I would argue that the most important part of being a professional skier is not how much you train, but how smart you rest. Let me elaborate on that.
If skiing fast were only about training the most hours, we could just compare training logs and not even bother racing. But it’s not that hard to log a ton of hours. I’ve had big training weeks where yeah, I’m tired, but I just keep plugging away and honestly it doesn’t take that much discipline to get out the door and slog out a few more hours. I don’t impress myself or anyone else those times when I simply go training for the sake of training. As my coach once told me: “if you’ve got a headache, you take 2 aspirin and it works. There’s no point in taking 10. In fact, that’ll hurt you.”
What IS hard is to be constantly checking in with your body and honestly evaluating where you’re at. I have to mention honestly because most skiers I know, including myself, seem to think we’re this invincible crew that cannot be tired out. Ever. Even when it’s pretty obvious that we’re starting to dig our own graves one 4 hour run at a time. Our bodies are incredible in what they can handle, but there’s always a balance.
That’s not to say there isn’t a time and place for doing something for the sake of fun, or changing it up, or having a “mental challenge day” once a summer where you test yourself. In fact, I give myself one day a summer where I get to set up a fun (type 2 fun, I suppose) type of training session where I do a distance challenge or a crazy set of intervals. Last week I roller skied 100km just to have done it, so that every other training session this summer and fall will seem easy in comparison.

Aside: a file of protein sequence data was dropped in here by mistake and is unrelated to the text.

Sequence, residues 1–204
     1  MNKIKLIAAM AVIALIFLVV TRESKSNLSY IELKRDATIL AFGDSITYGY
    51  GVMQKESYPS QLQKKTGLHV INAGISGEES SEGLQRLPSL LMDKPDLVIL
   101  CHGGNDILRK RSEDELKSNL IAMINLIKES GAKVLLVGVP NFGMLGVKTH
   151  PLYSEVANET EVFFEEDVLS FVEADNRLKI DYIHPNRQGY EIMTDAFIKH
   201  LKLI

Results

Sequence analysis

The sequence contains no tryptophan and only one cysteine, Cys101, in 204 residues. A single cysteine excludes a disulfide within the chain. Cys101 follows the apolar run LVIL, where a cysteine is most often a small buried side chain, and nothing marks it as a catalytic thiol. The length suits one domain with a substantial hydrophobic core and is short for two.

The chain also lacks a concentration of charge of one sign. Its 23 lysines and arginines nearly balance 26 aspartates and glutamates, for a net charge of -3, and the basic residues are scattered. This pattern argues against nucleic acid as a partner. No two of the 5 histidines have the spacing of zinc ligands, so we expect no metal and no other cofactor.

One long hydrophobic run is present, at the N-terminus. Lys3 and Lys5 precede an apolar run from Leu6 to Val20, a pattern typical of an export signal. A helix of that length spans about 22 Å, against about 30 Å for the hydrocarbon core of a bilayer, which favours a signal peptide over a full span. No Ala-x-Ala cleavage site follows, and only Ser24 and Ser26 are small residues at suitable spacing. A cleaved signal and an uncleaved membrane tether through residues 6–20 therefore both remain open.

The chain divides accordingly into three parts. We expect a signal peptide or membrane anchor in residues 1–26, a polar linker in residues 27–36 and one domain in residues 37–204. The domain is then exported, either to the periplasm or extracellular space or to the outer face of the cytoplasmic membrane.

The last few weeks have been some bigger training blocks for me, where I’ve had a lot of focused intensity sessions, some planned distance and ended with that 100km roller ski. Now I’m taking the lightest week of training I’ve had all summer to let it all soak in! I started off well by consuming suspicious amounts of maple lattes and sitting down at the computer all day. I ended the recovery week by going down to Boston to visit my boyfriend and having a lot of fun biking around to different beaches and exploring the tip of Cape Cod.
While the last two weeks were all about methodically loading stresses onto my body, this week was all about resting and letting my body rebuild itself. If all goes well, I’ll arrive in New Zealand for a 3 week block of on-snow training feeling fresh and stronger than I’ve been all summer! If I’m dumb, I’ll show up still tired. So I’m publicly declaring my intention to let my brain be smarter than my heart, which always want to do more, more, more.